AGESA version 1002a – Does it solve Raven Ridge’s stuttering problem?

AMD boost's Raven Ridge's performance and smoothness with AGESA 1002a

AGESA version 1002a – Does the update solve Raven Ridge’s stuttering problem?

When AMD launched their Ryzen 5 2400G and Ryzen 3 2200G APUs, several reviewers encountered a strange hitching issue when playing certain games. 

These issues were mostly brushed over in initial reviews, though in our Raven Ridge APU Gaming Review, we detailed the cause of these stutters. In some workloads pushed both Raven Ridge’s CPU and GPU sections hard, AMD’s integrated Vega graphics processor could suddenly downclock itself to 300MHz or under for short periods of time. This issue results in a downclock of over 75%, which while short can cause some insane increases to frametimes. 
This performance issue was a huge cause of concern for AMD’s Ryzen/Raven Ridge APUs, undermining their gaming prowess with what appeared to be a power management issue. Thankfully AMD has taken this criticism to heart and has now developed their AGESA 1002a update, which is designed to offer “performance and smoothness improvements” when gaming on AMD’s Raven Ridge processors. 


AGESA 1002a BIOSes are coming out now for Ryzen 5 2400G & Ryzen 3 2200G with performance and smoothness improvements for PUBG, Overwatch, and Minecraft. Keep an eye on your mobo vendor’s download page.

As we promised in our initial AGESA 1002a coverage, we have spent some time retesting our Ryzen 5 2400G’s gaming performance, looking specifically at Assassin’s Creed Origins, where in-game stuttering was most common.  

What must be noted here is that this “stuttering issue” is not a problem in most gaming workloads, only appearing in select titles like PlayerUnknoiwn’s Battlegrounds, Fortnite and Assassin’s Creed Origins. 

AGESA version 1002a - Does it solve Raven Ridge's stuttering problem?  

(Assassin’s Creed Origins has some significant stuttering problems in our Raven Ridge Gaming Review)

BIOS Update Time!

AMD’s Ken Mitchel has confirmed that this new AGESA code will provide “general power management optimizations” for the company’s Raven Ridge Rzyen 5 2400G and Ryzen 3 2200G CPUs, changes which should give users a performance boost across a wide range of applications.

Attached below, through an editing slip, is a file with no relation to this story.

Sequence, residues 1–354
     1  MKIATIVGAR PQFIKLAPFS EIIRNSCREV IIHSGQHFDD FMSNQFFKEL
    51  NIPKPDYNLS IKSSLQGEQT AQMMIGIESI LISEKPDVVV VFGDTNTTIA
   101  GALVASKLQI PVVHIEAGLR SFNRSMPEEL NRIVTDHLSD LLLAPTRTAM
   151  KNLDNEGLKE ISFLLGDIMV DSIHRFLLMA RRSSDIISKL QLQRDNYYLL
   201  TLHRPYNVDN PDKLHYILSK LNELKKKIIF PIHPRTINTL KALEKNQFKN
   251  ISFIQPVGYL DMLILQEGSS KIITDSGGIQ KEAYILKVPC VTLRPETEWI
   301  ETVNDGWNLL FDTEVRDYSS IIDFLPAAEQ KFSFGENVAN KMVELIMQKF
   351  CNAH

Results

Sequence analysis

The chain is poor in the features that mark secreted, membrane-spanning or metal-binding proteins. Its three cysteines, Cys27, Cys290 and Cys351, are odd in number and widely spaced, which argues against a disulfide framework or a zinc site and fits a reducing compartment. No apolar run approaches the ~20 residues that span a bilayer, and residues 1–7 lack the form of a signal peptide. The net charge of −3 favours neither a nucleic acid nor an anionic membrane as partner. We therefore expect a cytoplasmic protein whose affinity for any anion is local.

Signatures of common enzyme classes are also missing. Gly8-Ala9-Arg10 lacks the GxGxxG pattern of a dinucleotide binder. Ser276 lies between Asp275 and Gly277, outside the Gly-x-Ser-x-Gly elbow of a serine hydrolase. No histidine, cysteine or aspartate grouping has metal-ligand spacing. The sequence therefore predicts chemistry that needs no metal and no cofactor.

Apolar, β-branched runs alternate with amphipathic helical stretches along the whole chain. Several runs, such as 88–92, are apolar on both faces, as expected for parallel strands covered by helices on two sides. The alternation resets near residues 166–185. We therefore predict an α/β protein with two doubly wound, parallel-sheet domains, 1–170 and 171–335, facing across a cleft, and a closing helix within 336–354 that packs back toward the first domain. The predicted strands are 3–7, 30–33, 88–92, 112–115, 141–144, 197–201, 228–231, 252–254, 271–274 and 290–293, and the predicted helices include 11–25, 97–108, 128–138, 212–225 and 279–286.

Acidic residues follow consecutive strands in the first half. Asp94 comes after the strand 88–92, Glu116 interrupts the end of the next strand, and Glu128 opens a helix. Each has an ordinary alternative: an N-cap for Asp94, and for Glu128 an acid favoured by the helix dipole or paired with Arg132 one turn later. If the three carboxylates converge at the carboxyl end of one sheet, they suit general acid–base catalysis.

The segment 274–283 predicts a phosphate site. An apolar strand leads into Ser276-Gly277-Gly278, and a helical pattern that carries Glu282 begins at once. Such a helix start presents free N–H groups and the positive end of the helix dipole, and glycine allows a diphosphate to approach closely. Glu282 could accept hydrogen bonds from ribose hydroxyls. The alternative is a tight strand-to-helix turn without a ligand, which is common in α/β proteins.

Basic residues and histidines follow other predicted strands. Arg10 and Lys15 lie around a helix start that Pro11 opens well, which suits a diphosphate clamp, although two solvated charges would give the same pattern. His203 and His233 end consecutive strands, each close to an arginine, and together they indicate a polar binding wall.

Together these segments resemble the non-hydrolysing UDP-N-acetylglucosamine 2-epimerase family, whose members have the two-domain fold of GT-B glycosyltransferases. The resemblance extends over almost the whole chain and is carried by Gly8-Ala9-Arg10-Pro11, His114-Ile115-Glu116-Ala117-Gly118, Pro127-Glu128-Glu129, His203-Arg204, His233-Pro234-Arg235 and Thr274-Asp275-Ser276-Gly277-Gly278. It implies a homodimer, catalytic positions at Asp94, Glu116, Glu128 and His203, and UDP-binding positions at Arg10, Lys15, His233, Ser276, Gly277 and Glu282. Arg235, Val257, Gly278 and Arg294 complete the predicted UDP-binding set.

In our testing, the performance differences were not revolutionary for most applications, resulting in a range of margin of error performance changes for the most part. The nature of AMD’s power management changes is why we will be focusing on what we deem to be a “worst case scenario” for Raven Ridge, where the adjustments in AMD’s AGESA code result in the most visible changes. 

While AMD’s announcement for AGESA version 1002a mostly spoke about popular multiplayer games like PUBG and Overwatch, neither of these titles are suitable for repeatable benchmarking. Thankfully we have found this issue to be frequently seen in Assassin’s Creed Origins, specifically in Alexandria, one of the most demanding locations within the game. 

In this test, we used ASUS’ B350-Plus motherboard with 3200MHz memory, using ASUS’ pre-AGESA 3805 BIOS with the company’s new 4008 BIOS, which contains AGESA version 1200a.  

Our initial testing using ASUS’ 3805 BIOS, we found that GPU clocks could suddenly lower to 300MHz or less, causing long stutters in frametimes and momentary in-game pauses. Repeating this test with ASUS’ AGESA 1002a containing 4008 BIOS enabled our Ryzen 5 2400G to maintain GPU clock speeds of over 1100MHz throughout our test. This change is a huge improvement for AMD’s Ryzen 5 2400G, with clock speed drops moving from the 900+MHz range to the 150MHz range, resulting in a much smoother gaming experience. 

AGESA version 1002a - Does it solve Raven Ridge's stuttering problem?  

What has changed?

With AGESA version 1002a, AMD has made Raven Ridge’s clock speed spikes a lot less aggressive, resulting in increased smoothness and an elimination of the Ryzen 5 2400G’s sudden stutter problem. While this update doesn’t force iGPU clock speeds to remain constant while gaming, the changes included in AGESA 1002a dips minimise their impact. Now clock speeds decrease by around 10% or so, rather than the 75+%, making the transition hard to spot given its momentary nature. 

While this clock speed issue is specific to only a handful of games, this change has made Raven Ridge a much more viable gaming chip at stock clock speeds by providing a smoother overall gaming experience. With this update, AMD has addressed our only major criticism of Raven Ridge. 

Let’s hope that AMD can keep up with this forward momentum by releasing new Radeon Software graphics drivers in the near future. 

You can join the discussion on AMD’s AGESA 1002a update and its impact on Raven Ridge on the OC3D Forums.